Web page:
June 27, 2019 / 8:27 PM / 3 months ago

CANADA FX DEBT-C$ climbs to five-month high as yield gap vs U.S. slides

 (Adds portfolio manager quotes and details throughout; updates
prices)
    * Canadian dollar rises 0.2% against the greenback
    * Loonie is on track to gain 3.2% in June
    * Canada-U.S. 2-year spread narrows to less than 30 basis
points
    * Canadian bond prices rally across a flatter yield curve

    By Fergal Smith
    TORONTO, June 27 (Reuters) - The Canadian dollar
strengthened to a near five-month high against the greenback on
Thursday as the additional return on holding U.S. bonds fell to
the lowest in more than one year.
    The gap between Canada's 2-year yield and its U.S.
equivalent, which was 84 basis points in March, narrowed by 1.7
basis points to less than 30 basis points in favor of the U.S.
bond, its smallest differential since February 2018.
    The narrowing in the yield differential comes after the
Federal Reserve shifted from hiking interest rates in December
to signaling last week that it could cut rates as early as July.
    "We haven't seen that in Canada, as far as that pivot to the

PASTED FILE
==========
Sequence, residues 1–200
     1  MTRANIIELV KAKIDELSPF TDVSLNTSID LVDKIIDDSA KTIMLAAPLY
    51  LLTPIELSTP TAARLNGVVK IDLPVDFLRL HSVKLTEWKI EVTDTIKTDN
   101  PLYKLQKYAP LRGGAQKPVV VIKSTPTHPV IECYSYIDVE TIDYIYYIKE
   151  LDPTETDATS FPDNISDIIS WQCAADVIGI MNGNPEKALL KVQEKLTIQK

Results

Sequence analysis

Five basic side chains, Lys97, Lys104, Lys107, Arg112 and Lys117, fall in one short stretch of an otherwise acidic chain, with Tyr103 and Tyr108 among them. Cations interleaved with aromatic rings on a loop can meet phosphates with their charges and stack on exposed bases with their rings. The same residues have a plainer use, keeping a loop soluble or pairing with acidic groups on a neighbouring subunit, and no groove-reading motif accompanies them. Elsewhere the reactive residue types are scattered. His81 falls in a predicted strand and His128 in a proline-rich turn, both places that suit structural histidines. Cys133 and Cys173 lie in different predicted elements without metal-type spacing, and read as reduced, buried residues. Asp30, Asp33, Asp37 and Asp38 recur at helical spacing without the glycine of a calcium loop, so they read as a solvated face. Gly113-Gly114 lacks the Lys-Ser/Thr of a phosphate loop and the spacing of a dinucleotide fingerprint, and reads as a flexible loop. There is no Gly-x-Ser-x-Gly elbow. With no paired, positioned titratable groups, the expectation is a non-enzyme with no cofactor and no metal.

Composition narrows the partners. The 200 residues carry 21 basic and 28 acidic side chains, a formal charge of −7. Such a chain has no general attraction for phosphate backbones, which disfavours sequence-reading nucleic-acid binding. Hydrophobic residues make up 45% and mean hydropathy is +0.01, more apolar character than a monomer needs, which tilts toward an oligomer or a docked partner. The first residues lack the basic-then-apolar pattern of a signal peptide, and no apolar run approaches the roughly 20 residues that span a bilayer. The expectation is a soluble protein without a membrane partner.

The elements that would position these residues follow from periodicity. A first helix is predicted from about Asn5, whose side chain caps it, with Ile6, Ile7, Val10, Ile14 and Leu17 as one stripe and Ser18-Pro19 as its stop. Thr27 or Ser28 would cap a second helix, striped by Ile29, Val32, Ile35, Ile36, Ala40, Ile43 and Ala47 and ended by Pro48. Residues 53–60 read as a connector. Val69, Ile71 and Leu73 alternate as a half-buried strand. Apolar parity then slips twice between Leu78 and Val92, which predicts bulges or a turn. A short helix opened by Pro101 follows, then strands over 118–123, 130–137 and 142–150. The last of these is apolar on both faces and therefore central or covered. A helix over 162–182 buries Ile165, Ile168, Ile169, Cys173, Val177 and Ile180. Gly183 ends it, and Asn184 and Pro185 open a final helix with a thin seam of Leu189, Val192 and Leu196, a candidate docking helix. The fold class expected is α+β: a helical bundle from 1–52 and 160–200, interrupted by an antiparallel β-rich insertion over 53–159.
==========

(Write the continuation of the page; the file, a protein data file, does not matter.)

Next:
dovish side," said Michael Greenberg, a portfolio manager at
Franklin Templeton Multi-Asset Solutions. "At this point Canada
is holding up pretty well."
    Average weekly earnings of non-farm payroll employees rose
by 2.9% in April, the fastest pace since August last year,
adding to evidence that Canada's economy is recovering after a
slow down around the turn of the year.
    Canadian gross domestic product data for April is due on
Friday.
    At 3:44 p.m. (1944 GMT), the Canadian dollar          was
trading 0.2% higher at 1.3102 to the greenback, or 76.32 U.S.
cents. The currency touched its strongest level since Feb. 4 at
1.3092.
    The loonie is on track to gain 3.2% in June, while it has
gained more than 4% since the start of the year, the best
performance among G10 currencies.
    Money markets see about a 40% chance of an interest rate cut
this year by the Bank of Canada, while they expect at least two
rate cuts from the Federal Reserve.           
    Still, Canada is a major exporter of commodities, including
oil, so its economy could be hurt if progress is not reached on
the U.S.-China trade dispute at the G20 summit this weekend.
    If the trade war were to drag on and the Fed cuts interest
rates, then the Bank of Canada would likely ease more than the
market is expecting, Greenberg said.
    U.S. crude oil futures        held on to strong gains over
the past two weeks, settling 0.1% higher at $59.43 a barrel.
            
    Canadian government bond prices were higher across a flatter
yield curve, with the 10-year             rising 32 cents
Canadian to yield 1.468%. Earlier in the session, the 10-year
yield touched its highest since June 12 at 1.522%.     

 (Reporting by Fergal Smith; Editing by Richard Chang)
  
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